Anyway, what do you do when your nightly coping mechanism to exert control is eating?

Solution 1:

Identify the problem first, of course. Sometimes that’s enough to override the behavior. Then, remind yourself of WHY you want to lose weight and eat healthier. Dig really deep to find your deepest most important motivation. Have this in your pocket for whenever you feel like snacking. That should zap you back into focus.

Or, you could just shave your head whenever you feel like snacking :P

Solution 2:

Design your diet plan in a way that makes you feel autonomous, because snacking out of powerlessness comes from the reactionary, angsty teenager in all of us. If you feel controlled by your diet, you’ll fight back. You’ll do what you can to feel in charge. Especially if you feel trapped at your job, and controlled by your boss.

Here are the key points for this section:

  • Be self aware about your behaviors. Know every single reason WHY you want to end late snacking and lose weight. When you start craving snacks, remind yourself WHY eating healthy is important to you.
  • Don’t rely on the authority of a new set of dietary rules to enforce healthy eating. The more strict a diet, the less likely you are to follow it. Take back your power by setting weekly dietary mini-goals based on what is realistic.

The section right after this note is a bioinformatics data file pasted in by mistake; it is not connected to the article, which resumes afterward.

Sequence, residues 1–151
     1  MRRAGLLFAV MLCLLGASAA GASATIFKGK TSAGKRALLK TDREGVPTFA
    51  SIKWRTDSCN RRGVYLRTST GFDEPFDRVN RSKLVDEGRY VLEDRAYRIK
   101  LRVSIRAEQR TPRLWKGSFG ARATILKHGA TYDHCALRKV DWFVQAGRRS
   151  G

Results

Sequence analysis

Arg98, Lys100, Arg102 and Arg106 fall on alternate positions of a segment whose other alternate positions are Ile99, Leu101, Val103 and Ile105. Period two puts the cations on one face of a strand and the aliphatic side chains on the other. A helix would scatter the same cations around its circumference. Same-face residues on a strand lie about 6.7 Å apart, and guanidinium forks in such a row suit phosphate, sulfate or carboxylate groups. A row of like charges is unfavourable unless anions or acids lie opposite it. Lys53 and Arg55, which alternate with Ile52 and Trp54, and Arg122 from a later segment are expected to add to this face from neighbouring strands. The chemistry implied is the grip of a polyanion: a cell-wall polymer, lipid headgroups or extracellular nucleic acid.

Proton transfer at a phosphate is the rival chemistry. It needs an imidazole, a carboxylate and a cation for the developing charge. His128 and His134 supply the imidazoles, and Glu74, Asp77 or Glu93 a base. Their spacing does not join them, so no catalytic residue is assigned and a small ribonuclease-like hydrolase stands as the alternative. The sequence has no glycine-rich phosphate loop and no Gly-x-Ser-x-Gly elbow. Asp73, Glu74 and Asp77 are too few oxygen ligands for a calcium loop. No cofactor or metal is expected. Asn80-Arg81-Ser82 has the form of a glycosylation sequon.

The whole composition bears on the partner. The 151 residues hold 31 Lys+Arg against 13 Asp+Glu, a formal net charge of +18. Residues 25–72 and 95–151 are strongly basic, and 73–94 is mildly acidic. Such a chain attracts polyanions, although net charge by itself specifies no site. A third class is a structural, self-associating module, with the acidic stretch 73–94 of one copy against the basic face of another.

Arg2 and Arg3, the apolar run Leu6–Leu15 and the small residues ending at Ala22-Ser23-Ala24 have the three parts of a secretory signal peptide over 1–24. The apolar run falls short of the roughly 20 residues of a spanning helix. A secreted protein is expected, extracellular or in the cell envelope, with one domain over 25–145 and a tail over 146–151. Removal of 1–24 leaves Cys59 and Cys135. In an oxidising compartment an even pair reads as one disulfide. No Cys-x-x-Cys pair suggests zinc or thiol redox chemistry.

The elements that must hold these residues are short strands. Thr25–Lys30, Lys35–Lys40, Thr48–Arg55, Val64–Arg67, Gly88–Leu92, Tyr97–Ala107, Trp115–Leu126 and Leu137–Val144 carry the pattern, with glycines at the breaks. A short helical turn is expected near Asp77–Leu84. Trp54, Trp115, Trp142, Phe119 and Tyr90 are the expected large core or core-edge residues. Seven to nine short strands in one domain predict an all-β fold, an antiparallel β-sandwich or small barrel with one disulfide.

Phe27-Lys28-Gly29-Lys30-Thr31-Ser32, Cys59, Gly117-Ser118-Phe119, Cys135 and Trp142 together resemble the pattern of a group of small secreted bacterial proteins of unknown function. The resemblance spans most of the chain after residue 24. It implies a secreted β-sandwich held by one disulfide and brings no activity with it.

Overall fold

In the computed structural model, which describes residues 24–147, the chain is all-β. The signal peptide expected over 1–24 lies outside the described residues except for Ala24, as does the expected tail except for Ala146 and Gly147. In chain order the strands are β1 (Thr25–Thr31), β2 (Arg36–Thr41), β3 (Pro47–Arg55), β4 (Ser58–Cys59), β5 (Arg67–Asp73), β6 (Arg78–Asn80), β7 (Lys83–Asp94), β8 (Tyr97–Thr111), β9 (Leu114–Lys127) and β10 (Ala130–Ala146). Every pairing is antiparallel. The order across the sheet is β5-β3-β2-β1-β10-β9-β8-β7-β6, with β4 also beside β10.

• Give yourself permission to make mistakes, to be imperfect.
  • Acknowledge it’s always you who makes choices, no one else.
  • Remind yourself to act in line with your values and goals, not reactionary impulses.

Most people are made of 70% water, whereas I’m made of 70% reactionary impulses. So I know this is a tough nut to crack, but it is possible. And it starts with introspection on your habits and behaviors.

Personalize your battle plan. Make it specific.

Regardless of where you fit in the spectrum of emotional snacking, you need to personalize your strategy.

If you’ve done your homework figuring out why and when you snack, this should be fairly straight forward. Look through your reflection notes and make a specific educated guess about what strategy is the most realistic for you.

For example, if you eat because you’re bored and restless, your strategy could be: